We check our email, talk to friends. But after eleven days, Fripp is still inaccessible.
So to Columbia. To family, and the feeling of being welcome in someone’s home. I open the fridge to be confronted with three shelves of Yuengling. “Wow,” I say. “Is this your beer fridge?” Nope, they laugh, just the fridge fridge. Two smart, strong police officers, who power through their days on caffeine and good humour. DorkySon falls in love and we have to explain that married cousins are off limits. He shows off some fake karate moves. She finds a pressure point behind his ear and sticks in a knuckle. They take him to Dunkin Donuts, to Mellow Mushroom, to a hearty BBQ Buffet where he eats pulled pork and peach cobbler like a pro. He stands on the empty pitch of a football stadium, and runs into the stands to pose for a photo. He sits in the back of a police car, and passing motorists slow down to stare, wondering what someone so small could have done to end up there. We go to the zoo. We make friends with their dog, Sunshine. DorkySon spends longer than is probably healthy splashing around in a freezing cold pool and chasing insects with a net. He is happy. Shivering, but happy.
We check our email, talk to friends. But after thirteen days Fripp is still inaccessible.
To Hilton Head Island. An iconic Southern resort where our first meal is a Reuben sandwich in a New York style deli, posters of Manhattan covering the walls. Here, the pool is warm, and the sand feels good between our toes. I drink two excellent pina coladas in quick succession. It’s a strange feeling for DorkyDad, who lived and worked here many years ago. He shows us his office, his old house, and DorkySon whispers that we should give him some space, that he looks like he’s having some big thoughts. Hilton Head feels like holidays used to, and as DorkySon jumps in the waves he tells me he’s found the happiest place in the world.
We check our email, talk to friends. After fourteen days, there might just be a way onto Fripp.
The resort is still closed – we’ve been issued a refund for the beautiful condo we’d booked months earlier – but if we head over the bridge in convoy with a homeowner friend we might just pass for clean-up crew. We can stay with him, downstairs in the old family house. It won’t be everyone. But it is something. It is DorkyDad and his oldest friend doing everything they possibly can to see each other and renew the ties that bind.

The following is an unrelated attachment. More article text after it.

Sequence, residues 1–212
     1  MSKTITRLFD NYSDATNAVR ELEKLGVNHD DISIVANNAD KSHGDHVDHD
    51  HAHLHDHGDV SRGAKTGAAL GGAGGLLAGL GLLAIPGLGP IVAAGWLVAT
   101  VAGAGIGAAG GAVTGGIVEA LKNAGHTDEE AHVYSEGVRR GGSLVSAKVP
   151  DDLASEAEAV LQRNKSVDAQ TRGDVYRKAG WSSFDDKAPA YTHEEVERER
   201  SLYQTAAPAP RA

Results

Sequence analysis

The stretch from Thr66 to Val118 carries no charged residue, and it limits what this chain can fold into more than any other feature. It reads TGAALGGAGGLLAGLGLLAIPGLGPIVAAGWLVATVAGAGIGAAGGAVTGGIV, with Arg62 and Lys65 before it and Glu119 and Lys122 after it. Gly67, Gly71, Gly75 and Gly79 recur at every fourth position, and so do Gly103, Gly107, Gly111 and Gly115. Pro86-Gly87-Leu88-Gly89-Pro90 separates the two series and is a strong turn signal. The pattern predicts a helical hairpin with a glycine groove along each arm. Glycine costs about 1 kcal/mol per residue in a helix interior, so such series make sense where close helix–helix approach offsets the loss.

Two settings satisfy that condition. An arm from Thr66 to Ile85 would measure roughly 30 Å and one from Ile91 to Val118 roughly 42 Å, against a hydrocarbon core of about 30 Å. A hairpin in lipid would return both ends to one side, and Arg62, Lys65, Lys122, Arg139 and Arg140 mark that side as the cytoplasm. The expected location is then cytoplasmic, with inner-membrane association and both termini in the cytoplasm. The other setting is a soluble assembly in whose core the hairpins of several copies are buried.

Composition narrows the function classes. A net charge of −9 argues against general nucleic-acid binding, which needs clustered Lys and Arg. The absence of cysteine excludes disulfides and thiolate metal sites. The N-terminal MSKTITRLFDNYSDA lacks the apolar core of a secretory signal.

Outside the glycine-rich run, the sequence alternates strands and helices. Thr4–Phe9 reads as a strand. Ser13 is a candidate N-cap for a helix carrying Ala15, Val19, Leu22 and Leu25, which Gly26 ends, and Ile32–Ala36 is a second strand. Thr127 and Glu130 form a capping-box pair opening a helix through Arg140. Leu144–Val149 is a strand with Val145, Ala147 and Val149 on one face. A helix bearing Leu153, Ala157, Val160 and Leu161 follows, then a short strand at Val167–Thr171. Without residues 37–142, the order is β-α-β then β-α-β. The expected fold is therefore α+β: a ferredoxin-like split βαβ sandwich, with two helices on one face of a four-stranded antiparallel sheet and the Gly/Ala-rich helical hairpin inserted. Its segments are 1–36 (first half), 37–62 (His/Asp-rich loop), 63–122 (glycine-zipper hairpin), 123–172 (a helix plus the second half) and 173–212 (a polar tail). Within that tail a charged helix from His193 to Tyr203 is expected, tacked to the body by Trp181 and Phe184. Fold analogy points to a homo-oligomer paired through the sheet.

So we are finally, finally to Fripp. To Johnson Creek Tavern, where there’s a dollar bill on the ceiling that we signed and stuck there ten years ago. Fripp where honestly it could still be 1975. We watch the final Presidential debate on a tiny, ancient television, the colours distorted and the screen smaller than DorkySon’s tablet. It feels like an appropriate throwback, given some of the views expressed. We take a golf cart tour of the island and see trees through roofs, docks washed away, and boats smashed. There are mosquitoes everywhere, the sea wall is gone, and our hearts ache. A bottle of Tasmanian whisky helps smooth things along.
A lot of the things we travelled across the world for are missing. There is no music, because the family band didn’t make it. There is no shrimp, because the boats haven’t been able to get out. But there is also exactly what we’ve come for – love and friendship. When we leave after three days, ready for the long haul home, it’s another tearful goodbye.
There is more crying on this holiday than I had imagined there might be. A lot more. DorkySon cries because he’s too tired, because there’s no WiFi, because there’s nothing on the menu he wants to eat. I cry because Google Maps lets us down and we have to stop and ask for help, because we have a near-miss on I-95, because it is the middle of the night and the aircon is too loud. And when the best friend who isn’t going to make it emails us a picture of her suitcase, which has been packed in anticipation for two weeks and is now being slowly, sadly unpacked again… well then we all cry. But in some strange way the tears make our little family stronger. We use one of the long car journeys to talk about the word resilience.
When we chat to DorkySon about missing two weeks of school, and ask what he has learned on holiday that he wouldn’t have learned in class, it is a long list. Hurricanes. Power cuts. Grouper. Tidal flows. Timezones. Horseshoe crabs. Border Control. Sand dollars. How to drive a golf cart. Gullah art. Chess. Love. Headphones. Pink lemonade. Patience.
Now we are back, and though it’s only three weeks ago it already feels like forever. We are left with the photos to sort through and post on Facebook. There’s an occasional burst of sand from a sock, a few leftover mosquito bites, and that strange sensation when you pull a t-shirt over your head and it smells like someone else’s laundry liquid.
Last weekend we drove up to the North West corner of Tasmania to stay a night with local friends. We spent Friday afternoon cuddling their eleven-week old daughter, and DorkySon built Duplo towers with their two-year-old. That evening we saw a pair of sea eagles in the tree outside their house, and then a pod of humpback whales swimming by, just a few hundred metres from shore.
We are lucky that everywhere we go there is love. We are grateful to be home.